Iain Balshaw said he was ''pretty happy'' with his first game in an England shirt since last year's defeat to Ireland.
The Leeds Tykes full-back was one of England's outstanding performers against Italy in the RBS 6 Nations and scored a try in the 39-7 win.
However, Balshaw was disappointed not to have scored a second late on in the game when he fumbled the ball over the line when under no pressure.
The 25-year-old was able to laugh about the incident after the game at Twickenham.
"I said earlier in the week that you could do things on the pitch which would make you look like a prat and that was definitely one of them,'' Balshaw joked.
"Robbo (Andy Robinson) just said to me 'get in the game when you can and read the game as you can', and that's what I did so I'm pretty happy.''
Balshaw has endured a difficult time with injury and loss of form since he burst onto the international scene as a 20-year-old in 2000, but he now looks to be returning to something like his top form.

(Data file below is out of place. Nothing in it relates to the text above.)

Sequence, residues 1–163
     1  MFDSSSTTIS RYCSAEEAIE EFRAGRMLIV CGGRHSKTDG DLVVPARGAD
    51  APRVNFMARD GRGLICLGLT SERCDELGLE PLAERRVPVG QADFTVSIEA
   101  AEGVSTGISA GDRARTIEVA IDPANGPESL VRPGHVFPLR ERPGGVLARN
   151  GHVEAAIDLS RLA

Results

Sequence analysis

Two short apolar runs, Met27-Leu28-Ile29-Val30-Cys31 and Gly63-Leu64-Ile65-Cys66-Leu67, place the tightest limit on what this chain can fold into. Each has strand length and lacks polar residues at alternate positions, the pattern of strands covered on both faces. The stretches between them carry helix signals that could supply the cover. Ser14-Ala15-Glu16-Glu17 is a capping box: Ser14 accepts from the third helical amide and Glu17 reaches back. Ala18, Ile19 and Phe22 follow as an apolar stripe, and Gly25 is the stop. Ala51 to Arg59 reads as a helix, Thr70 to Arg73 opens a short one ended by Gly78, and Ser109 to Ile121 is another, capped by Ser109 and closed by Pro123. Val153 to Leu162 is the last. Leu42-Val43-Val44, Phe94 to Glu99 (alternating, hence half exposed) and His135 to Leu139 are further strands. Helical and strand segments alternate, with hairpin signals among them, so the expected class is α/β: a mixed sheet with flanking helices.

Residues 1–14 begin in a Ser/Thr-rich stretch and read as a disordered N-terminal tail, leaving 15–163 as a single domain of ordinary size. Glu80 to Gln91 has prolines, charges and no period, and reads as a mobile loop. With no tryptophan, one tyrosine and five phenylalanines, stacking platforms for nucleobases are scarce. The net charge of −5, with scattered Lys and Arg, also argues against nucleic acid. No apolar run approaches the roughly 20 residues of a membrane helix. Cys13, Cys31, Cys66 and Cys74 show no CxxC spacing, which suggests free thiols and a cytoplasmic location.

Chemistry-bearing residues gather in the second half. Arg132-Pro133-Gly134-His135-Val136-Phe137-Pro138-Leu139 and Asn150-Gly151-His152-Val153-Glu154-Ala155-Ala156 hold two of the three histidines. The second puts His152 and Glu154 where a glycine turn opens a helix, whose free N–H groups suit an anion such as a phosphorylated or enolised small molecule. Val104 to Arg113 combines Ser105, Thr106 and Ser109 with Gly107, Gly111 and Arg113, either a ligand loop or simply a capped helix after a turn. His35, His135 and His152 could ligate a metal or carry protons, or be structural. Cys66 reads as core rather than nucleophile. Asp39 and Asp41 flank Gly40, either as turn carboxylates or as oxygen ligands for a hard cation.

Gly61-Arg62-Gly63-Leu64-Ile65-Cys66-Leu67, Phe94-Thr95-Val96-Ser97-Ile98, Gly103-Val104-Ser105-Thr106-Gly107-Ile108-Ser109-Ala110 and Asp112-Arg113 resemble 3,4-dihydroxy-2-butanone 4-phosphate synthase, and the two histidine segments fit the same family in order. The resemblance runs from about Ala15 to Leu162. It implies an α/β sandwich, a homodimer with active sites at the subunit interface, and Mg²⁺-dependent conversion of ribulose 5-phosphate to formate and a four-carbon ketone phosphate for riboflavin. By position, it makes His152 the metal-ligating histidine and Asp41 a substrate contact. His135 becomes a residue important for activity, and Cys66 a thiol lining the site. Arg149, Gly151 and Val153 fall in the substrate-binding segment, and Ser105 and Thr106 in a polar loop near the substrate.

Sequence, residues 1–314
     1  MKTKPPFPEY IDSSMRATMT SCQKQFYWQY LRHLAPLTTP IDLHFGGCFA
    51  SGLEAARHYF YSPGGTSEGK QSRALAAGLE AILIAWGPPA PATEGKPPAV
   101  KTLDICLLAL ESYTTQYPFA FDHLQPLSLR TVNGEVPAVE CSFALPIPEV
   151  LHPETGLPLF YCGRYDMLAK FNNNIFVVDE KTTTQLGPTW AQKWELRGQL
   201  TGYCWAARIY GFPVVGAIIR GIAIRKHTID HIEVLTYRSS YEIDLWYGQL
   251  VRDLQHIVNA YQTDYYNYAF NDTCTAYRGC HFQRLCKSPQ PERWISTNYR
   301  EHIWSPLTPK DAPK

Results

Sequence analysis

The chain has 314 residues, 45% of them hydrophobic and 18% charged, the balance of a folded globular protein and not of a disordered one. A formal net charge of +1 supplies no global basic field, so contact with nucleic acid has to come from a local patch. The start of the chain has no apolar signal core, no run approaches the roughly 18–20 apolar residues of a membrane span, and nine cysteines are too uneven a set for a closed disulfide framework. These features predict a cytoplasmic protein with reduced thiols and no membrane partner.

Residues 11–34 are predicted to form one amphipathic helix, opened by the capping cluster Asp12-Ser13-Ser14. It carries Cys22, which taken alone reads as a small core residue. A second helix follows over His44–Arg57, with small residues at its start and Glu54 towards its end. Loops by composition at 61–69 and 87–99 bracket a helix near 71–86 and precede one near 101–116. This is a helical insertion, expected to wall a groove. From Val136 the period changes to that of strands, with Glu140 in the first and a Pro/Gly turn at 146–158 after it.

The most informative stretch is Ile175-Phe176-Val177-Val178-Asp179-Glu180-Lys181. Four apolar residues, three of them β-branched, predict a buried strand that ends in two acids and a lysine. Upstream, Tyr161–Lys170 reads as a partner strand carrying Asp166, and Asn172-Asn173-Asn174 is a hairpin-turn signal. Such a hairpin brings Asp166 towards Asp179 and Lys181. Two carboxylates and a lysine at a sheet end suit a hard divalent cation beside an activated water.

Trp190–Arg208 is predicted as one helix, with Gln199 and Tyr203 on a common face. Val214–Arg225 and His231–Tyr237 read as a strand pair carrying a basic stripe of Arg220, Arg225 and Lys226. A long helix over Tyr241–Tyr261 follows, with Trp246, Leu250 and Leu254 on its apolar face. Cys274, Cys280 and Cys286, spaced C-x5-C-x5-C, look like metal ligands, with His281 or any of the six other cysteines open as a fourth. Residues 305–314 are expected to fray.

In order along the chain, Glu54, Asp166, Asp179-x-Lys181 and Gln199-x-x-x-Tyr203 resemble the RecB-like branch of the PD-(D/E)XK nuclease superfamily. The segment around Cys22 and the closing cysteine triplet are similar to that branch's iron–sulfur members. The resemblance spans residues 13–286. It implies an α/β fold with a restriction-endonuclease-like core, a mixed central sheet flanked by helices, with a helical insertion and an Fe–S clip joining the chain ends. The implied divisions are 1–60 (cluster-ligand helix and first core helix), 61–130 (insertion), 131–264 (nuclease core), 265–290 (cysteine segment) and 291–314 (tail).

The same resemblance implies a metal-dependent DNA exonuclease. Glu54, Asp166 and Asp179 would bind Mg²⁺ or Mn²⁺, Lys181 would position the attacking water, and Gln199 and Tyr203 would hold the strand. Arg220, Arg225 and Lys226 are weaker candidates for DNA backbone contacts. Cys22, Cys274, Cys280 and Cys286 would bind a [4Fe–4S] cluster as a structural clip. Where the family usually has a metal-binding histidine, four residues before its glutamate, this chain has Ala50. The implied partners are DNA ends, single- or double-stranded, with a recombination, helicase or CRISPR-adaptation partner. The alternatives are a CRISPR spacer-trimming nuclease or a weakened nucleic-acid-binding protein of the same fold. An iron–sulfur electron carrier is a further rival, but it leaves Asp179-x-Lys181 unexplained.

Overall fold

He took the difficult decision to leave Bath at the end of last season, feeling his career had begun to stagnate, and he is sure the move is beginning to pay dividends.
"As much as I loved Bath, it was the right thing to do to move totally away up to Leeds,'' he said.
"Although we're not doing particularly well in the Premiership, the whole environment of the club and moving back up north have given me a good kick up the backside and I think I've benefited from it.''
Balshaw, who recently became a father for the first time, believes a more relaxed approach to his game has also been a factor in his improved recent performances.
"I've started to relax and enjoy it again and not worry about the little things,'' he said. ''I've realised there are more important things in life to worry about than playing rugby.''
England coach Andy Robinson was clearly satisfied with the contribution of both Balshaw and Cueto.
''It was nice to see Balsh back in an England shirt," Robinson said, "And along with Josh Lewsey and Mark Cueto, I thought the back three were outstanding.''
After Ireland's heroic big-game hunt of the Springboks and Scotland's six-try runaround of the Pumas, the challenge of engineering the most spectacular win of the autumn series now falls on Wales, writes Peter Jackson.